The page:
While there are always ups and downs, you currently love playing with your sister. You’ll be the Mom, and she’s the baby, and wheel her around the house in a baby stroller and play a game that appears to be nothing more than the two of you running errands to the grocery store, but it’s hilarious to hear you both impersonate me and your Mother. Your other favorite game is to play Princesses, where it’s Elliott’s coronation day, and Arlo, you appear to be her personal assistant who is in charge of getting her down for her naps and walking the dog. I’m not sure how any of those things are related, but you both seem to love it. One of my favorite things you’ve started to do in the morning is to have us all put our hands into a circle, and then we all say our dreams. 

Elliott, you’ve been on quite a roll lately, too. You’ve been doing an amazing job with potty training, and haven’t had an accident in weeks (knock on wood). Thankfully, we are to a phase where we no longer have to remind you, because although you were a quick study, God help anyone who asked you if you have to go pee before you were ready to go. You would unleash a crazy scream, pout, and throw yourself down on the ground… It was quite the show, but luckily this has passed and now the only time we see this behavior is on random nights when it’s my turn to put you to bed. You love your Mama, and you absolutely prefer her tuck-in skills to mine.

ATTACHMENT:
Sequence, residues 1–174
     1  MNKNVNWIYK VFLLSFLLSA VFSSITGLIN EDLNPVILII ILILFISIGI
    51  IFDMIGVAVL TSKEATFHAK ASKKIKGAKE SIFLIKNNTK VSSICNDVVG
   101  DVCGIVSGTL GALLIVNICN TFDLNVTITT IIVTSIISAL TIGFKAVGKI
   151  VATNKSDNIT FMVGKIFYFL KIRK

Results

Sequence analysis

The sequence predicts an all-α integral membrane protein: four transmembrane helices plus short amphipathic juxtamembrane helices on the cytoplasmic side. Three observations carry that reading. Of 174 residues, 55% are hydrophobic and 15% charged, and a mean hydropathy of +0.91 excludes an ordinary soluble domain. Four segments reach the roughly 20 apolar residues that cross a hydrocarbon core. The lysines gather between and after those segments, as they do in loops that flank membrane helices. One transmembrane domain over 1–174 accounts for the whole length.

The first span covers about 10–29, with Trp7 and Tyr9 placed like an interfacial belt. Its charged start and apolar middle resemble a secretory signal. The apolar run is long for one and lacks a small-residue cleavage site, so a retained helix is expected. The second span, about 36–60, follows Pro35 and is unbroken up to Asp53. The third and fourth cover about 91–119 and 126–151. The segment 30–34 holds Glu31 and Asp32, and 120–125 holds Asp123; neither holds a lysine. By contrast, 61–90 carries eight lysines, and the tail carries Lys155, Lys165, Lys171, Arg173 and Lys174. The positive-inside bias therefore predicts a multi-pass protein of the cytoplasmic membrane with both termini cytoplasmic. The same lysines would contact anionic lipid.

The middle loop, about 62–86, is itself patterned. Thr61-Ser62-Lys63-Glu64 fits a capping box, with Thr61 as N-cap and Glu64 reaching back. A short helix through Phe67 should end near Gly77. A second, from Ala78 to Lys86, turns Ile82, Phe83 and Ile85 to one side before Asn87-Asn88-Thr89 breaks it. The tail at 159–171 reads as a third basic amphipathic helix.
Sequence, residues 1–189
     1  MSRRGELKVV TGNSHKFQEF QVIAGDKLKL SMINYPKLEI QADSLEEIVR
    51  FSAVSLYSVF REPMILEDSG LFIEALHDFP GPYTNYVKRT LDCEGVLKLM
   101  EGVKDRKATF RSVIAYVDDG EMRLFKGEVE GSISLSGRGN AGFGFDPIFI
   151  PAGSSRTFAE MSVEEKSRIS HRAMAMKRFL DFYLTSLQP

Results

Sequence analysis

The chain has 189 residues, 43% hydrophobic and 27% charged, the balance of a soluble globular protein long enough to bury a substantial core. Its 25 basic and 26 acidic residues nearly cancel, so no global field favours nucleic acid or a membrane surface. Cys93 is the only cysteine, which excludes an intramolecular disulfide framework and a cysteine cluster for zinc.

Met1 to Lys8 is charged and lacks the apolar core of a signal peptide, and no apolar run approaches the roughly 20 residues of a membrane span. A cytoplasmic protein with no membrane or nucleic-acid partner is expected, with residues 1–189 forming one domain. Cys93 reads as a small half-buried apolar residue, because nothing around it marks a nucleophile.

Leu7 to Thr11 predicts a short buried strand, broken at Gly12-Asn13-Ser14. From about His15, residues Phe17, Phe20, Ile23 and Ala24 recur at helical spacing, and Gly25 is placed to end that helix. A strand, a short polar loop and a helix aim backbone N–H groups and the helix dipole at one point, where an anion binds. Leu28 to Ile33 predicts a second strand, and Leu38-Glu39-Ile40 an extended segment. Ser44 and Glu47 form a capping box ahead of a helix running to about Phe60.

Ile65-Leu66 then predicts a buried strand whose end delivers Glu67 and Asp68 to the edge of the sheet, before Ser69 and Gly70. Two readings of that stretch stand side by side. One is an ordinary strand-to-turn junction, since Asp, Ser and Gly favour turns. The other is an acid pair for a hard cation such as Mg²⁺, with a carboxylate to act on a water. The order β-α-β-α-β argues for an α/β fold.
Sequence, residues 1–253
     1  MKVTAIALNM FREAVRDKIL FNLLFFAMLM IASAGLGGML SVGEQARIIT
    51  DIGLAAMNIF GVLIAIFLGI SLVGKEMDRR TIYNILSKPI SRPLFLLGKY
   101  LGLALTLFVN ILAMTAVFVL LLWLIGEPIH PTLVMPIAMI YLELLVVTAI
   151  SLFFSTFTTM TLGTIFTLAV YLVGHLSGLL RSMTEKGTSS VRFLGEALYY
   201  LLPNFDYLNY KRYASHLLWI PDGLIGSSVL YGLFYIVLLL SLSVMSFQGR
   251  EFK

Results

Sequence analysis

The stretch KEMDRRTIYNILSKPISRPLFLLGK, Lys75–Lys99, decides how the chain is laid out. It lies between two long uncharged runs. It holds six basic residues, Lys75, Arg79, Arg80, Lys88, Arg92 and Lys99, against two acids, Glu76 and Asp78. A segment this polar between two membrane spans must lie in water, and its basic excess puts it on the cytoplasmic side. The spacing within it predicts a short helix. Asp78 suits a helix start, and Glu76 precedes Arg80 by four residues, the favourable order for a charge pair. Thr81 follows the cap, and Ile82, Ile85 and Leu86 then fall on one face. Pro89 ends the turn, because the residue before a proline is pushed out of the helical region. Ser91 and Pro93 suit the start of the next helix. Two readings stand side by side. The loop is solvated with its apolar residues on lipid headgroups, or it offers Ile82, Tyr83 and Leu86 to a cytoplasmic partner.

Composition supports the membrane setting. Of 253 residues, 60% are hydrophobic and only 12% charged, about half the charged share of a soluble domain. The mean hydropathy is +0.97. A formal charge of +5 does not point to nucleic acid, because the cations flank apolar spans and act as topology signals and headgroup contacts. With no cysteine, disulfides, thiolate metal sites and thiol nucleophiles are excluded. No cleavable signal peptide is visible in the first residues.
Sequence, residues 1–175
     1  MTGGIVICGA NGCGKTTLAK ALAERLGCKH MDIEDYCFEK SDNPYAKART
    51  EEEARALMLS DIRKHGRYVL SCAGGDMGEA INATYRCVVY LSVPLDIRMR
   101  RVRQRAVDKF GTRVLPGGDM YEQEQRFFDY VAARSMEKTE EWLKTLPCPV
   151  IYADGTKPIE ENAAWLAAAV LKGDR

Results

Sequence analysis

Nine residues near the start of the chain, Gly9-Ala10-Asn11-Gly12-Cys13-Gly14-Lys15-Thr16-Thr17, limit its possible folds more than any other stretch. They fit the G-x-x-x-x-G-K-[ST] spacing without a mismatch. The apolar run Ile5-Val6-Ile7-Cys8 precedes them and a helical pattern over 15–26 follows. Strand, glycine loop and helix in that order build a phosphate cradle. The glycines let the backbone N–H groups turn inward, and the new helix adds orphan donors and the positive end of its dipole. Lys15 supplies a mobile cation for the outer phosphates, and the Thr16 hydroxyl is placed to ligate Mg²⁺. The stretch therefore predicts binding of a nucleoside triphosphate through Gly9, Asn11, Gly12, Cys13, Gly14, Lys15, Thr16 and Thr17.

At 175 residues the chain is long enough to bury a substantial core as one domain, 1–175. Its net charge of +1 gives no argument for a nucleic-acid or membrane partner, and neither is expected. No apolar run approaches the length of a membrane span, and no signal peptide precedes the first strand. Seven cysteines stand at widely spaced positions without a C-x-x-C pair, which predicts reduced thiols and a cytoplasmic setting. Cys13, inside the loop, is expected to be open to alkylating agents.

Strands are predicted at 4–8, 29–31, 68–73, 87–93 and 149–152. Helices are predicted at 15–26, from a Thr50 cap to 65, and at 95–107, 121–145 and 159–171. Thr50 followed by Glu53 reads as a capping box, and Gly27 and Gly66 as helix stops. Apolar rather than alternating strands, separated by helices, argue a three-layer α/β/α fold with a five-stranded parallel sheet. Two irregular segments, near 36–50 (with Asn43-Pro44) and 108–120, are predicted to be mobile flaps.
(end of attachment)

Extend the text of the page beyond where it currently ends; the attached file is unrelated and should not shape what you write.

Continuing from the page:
You also freak out at night when it’s bedtime and we’re ready to put on your diaper. You scream and cry and tell me how itchy diapers are, and sometimes you’ll tell me, “You’re stupid and dumb, Dada!” But once the diaper is on and you have your pacie, you call a truce and crawl over to lay on me for story time. You often reach out and absent-mindedly scratch my beard while I read, then you push your cheek against mine and say, “I sorry Dada, you’re not stupid.” 

Other times, in the middle of reading, you’ll quickly stand up and jump into the air, landing on my chest with both knees. Then you let out a villainous chuckle and grunt, “Again!” You’re a monster, but the sweetest kind.